C.I.A. before the Sept. 11 attacks."
Kappes appears not to have left a bloody trail of quotes like Brennan did. Good for him, but his record speaks for itself.
You can get legal clearance from somebody else...but how do you successfully implement a new torture policy? Can you do it if your brass hates it? Something about two to tango?
As Pavitt himself said:
"Pavitt, who declined to talk about specific CIA authorities or legal
memos, said the activities recently in the news were 'done in consultation with
the executive at all levels, the National Security Council and such. . . . Any
impression that we were operating high, wide and handsome, without appropriate
congressional oversight, I think would also be, incorrect.'"
I doubt this will surprise anyone, but John Yoo thinks it's all the CIA's fault:
"In early January 2002, soon after the CIA took custody of Al-Libi, a handful of
CIA officers at a high-level legal meeting in the Situation Room voiced a
problem they were facing. 'The CIA guys said, "We're going to have some
real difficulties getting actionable intelligence from detainees" if the
Agency's interrogators were required to respect the limits for treatment
demanded by the Geneva Conventions," John Yoo told the Washington
Post. In Yoo's version of events, the impetus to break out of
Geneva's strictures thus came from the CIA." ["The Dark Side," Jane Mayer,
I have little doubt that Yoo's account is a crock of crap. But still, what about this?
"The Pentagon and CIA needed Uzbekistan as a forward base. If that
meant joining forces with a torture regime, known on ocassion to literally boil
political prisoners alive, he [Cheney] was ready...Craig Murray, the former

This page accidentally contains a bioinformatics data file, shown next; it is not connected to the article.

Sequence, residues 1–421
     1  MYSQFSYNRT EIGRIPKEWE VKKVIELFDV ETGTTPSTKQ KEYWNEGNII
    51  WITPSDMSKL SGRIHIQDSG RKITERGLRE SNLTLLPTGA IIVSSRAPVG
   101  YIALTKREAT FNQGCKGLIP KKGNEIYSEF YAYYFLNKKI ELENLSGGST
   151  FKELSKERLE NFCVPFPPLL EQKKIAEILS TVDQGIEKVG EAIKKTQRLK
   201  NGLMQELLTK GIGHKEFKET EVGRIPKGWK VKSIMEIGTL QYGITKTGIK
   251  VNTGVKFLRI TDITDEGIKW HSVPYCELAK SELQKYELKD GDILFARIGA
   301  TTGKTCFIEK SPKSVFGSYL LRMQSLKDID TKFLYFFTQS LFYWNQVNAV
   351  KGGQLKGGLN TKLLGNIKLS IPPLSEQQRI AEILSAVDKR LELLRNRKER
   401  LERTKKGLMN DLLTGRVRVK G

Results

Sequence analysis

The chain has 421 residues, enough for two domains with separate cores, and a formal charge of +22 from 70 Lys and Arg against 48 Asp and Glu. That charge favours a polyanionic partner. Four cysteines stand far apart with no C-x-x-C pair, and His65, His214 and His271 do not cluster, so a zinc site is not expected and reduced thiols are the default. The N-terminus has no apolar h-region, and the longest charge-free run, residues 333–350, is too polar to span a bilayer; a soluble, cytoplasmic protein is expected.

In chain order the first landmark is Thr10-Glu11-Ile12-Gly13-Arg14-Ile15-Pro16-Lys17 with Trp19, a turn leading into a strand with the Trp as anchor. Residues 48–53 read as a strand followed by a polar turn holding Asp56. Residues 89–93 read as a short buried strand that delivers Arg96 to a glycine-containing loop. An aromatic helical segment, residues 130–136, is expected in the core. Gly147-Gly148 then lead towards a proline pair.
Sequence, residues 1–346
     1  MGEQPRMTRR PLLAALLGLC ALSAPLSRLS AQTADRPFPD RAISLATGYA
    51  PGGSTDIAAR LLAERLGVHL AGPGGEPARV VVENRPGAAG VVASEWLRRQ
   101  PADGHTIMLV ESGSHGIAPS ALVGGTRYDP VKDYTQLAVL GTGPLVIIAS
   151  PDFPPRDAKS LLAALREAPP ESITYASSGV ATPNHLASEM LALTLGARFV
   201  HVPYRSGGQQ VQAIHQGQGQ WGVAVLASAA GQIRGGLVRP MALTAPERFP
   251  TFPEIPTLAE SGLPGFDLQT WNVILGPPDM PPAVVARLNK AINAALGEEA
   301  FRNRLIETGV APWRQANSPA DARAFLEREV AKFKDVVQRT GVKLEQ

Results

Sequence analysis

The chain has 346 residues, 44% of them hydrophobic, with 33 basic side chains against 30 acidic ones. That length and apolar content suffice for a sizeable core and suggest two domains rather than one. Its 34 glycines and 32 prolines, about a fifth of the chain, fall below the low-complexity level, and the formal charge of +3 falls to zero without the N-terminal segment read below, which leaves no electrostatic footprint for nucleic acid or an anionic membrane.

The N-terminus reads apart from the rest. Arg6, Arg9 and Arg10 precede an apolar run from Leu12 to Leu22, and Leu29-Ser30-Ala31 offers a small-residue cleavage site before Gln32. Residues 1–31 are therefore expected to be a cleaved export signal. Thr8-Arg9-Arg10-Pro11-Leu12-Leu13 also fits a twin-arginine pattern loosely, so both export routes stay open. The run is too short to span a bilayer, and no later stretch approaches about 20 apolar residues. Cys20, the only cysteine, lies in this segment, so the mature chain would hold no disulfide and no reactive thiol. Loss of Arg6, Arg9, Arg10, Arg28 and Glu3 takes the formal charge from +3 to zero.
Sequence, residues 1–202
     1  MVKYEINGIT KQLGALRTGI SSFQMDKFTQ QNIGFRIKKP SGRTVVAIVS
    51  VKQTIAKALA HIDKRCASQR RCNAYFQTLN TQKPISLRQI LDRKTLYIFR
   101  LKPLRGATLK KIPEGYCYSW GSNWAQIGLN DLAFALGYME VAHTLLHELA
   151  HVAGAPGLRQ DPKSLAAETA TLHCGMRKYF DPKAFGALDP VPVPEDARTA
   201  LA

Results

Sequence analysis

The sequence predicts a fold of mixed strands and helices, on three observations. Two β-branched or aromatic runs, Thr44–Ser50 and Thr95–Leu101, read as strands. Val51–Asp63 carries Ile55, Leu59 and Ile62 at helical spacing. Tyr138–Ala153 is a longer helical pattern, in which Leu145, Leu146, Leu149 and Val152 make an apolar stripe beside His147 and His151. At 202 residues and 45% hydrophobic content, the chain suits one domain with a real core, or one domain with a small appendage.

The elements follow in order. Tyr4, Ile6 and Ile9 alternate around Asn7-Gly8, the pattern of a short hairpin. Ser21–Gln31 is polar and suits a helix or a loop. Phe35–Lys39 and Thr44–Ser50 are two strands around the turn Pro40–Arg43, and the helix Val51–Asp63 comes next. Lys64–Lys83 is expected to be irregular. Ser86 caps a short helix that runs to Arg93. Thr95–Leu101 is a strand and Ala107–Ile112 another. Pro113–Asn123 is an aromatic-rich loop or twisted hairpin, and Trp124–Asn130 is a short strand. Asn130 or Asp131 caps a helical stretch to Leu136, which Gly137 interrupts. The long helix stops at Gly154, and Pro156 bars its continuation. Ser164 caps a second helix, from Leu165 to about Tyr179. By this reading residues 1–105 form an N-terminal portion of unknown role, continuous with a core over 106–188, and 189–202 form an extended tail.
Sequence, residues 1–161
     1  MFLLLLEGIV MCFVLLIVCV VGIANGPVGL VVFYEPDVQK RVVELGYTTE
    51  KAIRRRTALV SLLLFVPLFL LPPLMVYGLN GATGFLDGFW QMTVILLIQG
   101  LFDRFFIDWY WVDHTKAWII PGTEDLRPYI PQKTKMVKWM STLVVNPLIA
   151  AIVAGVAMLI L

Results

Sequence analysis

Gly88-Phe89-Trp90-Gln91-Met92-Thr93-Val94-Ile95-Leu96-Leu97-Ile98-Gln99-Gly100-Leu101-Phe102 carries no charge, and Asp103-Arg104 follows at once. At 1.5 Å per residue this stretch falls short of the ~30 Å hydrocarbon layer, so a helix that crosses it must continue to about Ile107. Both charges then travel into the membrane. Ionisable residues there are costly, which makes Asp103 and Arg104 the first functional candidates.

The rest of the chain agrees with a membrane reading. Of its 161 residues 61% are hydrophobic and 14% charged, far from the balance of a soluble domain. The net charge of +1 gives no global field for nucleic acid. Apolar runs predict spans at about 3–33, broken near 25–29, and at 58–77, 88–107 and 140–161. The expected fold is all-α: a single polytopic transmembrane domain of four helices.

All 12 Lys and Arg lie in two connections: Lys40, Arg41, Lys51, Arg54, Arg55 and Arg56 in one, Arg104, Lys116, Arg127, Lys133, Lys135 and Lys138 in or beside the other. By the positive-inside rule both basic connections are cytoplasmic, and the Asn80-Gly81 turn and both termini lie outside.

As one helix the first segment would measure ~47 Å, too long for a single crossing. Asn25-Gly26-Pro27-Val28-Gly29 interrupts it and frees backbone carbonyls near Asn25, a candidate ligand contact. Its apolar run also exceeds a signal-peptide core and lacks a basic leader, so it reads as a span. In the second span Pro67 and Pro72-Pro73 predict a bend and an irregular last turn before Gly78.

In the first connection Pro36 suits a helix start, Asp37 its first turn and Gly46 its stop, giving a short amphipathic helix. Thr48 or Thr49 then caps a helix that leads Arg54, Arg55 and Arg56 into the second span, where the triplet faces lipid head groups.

British Ambassador to Uzbekistan, complained that he tried to warn the CIA
station chief in Tashkent that much of the intelligence out of Uzbekistan was
derived from torture, most of which he said was 'rubbish.'...But he said that
while the station chief did not dispute that intelligence was being obtained
under torture, the CIA did not consider this a problem. 'There was no
reason to think they were perturbed,' Murray said."
"The new way of thinking was reflected by Tenet at a closed-door meeting of
top intelligence officials of the English-speaking world, gathered on March 10,
2002, in Queenstown, New Zealand. 'Gentlemen,' Tenet had reportedly said
with a dramatic pause, 'we are at war.' What this meant, he had gone on to
explain was "As for the CIA, I can tell you this. There's nothing we won't
do, nothing we won't try, and no country we won't deal with to achieve our
goals-to stop the enemy. The shackles, my friends, have to be taken off.'
"Other top American officials in attendance included Lieutenant General
Michael Hayden, then head of the NSA; Mueller, the Director of the FBI; and the
CIA's head of covert operations, James Pavitt. Pavitt evidently amplified
the tough talk, noting, 'We're going to be working with intelligence agencies
that are utterly unhesitant in what they will do to get people to talk.'"
["The Dark Side," Jane Mayer, p.131-132].
Check out the timeline at Torturing Democracy. Though this meeting is after Bush issues his first executive order authorizing denials of Geneva Convention protections, [Feb 7 2002] it is before they capture Abu Zubaydah, the first torture experiment [March 28 2002].
Who started this thing? And why didn't anyone stop it? Clearly some of the top brass in the CIA were willing to go along and to effectively lead. I have issues with any of those people working in an Obama CIA which would simultaneously mean an acceptance of ills past and the ability to haggle your way out of a serious investigation into government-wide torture related wrongdoing ("Who, me? Your CIA head? Look, it's not our fault, let's not make this embarrassing...").
And that's not even addressing the existential, if you will, question of why Kappes' name is even getting thrown around. And what is a centrist intelligence policy after Bush?
I have some questions. I hope that Obama will set up a process to answer them.